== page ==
In 2009, in response to a request from the Uniting Reformed Church in Southern Africa to Reformed churches throughout the world, synod voted to introduce and promote study of the Belhar Confession (which calls for faithfulness in unity, justice, and reconciliation) in preparation for consideration of a proposal to Synod 2012 to adopt the Belhar as a fourth confession of the Christian Reformed Church in North America (CRCNA). Synod 2012 adopted the Belhar as an Ecumenical Faith Declaration and recommended it to the churches “for study and for incorporation of its themes into their discipling and liturgical ministries” (Acts of Synod 2012, p. 767). In 2016 synod received an overture proposing again that the Belhar Confession be adopted as a fourth confession of the CRCNA, and the request was denied on the basis that the overture did not present “sufficient and new grounds for reconsideration” of the matter, as required by Church Order Article 31. At the request of the advisory committee dealing with the matter, however, Synod 2016 agreed to make “a substantive response,” including a denouncement of “racialized violence, systemic racism, and ethnic strife evident in North American society,” expressions of grief and lament in “solidarity with those who have been brutalized by these sinful actions,” and recognition that “locating the Belhar Confession in the Ecumenical Faith Declaration category” has met with dissatisfaction and confusion (Acts of Synod 2016, pp. 904, 909-13). In addition, synod directed the Ecumenical and Interfaith Relations Committee (EIRC) to “report on the confusion with the Ecumenical Faith Declaration category as identified by our ecumenical partners,” and synod proposed “that Synod 2017 recategorize the Belhar Confession” as a contemporary testimony in the CRC (Acts of Synod 2016, p. 913). In 2017, in response to recommendations presented by the EIRC, synod discontinued use of the Ecumenical Faith Declaration category and recategorized the Belhar Confession as a contemporary testimony along with Our World Belongs to God: A Contemporary Testimony. In 2023 synod once again declined an overture to make the Belhar a confession, but, along with repeating the calls of prior synod’s recognition of the Belhar’s importance, added the note that, “The Belhar Confession calls us onward toward this good gospel work, and we exhort our congregations to ‘stand by people in any form of suffering and need, which implies, among other things, that the church must witness against and strive against any form of injustice, so that justice may roll down like waters, and righteousness like an ever-flowing stream” (Belhar Confession, pt. 4)” (Acts of Synod 2023, pp. 980-81).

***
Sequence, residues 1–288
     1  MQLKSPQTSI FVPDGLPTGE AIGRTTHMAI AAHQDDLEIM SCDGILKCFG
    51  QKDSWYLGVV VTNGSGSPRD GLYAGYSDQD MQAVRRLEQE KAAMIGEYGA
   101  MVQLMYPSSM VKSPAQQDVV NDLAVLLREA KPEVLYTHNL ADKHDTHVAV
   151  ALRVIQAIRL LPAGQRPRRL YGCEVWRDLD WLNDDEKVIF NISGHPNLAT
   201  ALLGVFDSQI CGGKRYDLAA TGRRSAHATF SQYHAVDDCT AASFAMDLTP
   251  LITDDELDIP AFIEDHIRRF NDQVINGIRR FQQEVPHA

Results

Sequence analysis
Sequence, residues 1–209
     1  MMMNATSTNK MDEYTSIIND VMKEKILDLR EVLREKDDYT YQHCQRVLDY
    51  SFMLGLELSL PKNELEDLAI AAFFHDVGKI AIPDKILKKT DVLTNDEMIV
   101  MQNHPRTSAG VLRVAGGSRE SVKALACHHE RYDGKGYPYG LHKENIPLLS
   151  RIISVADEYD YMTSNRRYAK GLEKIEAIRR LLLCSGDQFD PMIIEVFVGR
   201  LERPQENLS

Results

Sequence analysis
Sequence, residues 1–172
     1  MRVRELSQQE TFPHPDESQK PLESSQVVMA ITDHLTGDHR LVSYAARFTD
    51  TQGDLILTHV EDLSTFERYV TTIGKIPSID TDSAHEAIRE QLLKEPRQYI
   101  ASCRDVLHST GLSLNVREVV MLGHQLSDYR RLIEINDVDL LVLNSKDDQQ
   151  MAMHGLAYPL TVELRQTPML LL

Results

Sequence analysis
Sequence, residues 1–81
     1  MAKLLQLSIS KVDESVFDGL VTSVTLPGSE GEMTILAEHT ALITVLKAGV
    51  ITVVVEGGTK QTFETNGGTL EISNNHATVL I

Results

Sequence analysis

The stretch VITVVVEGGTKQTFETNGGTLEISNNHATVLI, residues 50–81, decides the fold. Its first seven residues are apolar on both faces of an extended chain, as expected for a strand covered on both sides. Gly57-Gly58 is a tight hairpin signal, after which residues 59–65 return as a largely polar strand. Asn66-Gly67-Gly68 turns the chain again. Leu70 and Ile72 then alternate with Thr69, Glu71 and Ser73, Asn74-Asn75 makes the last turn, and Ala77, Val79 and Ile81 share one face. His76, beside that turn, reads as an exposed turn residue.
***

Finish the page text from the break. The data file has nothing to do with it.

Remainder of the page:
Synod 2010 received an overture regarding advocacy of the denominational position opposing abortion and adopted a recommendation "to instruct the Office of Social Justice and Hunger Action (OSJ) to boldly advocate for the church's position against abortion, and to help equip churches to promote the sanctity of human life" (Acts of Synod 2010, p. 883).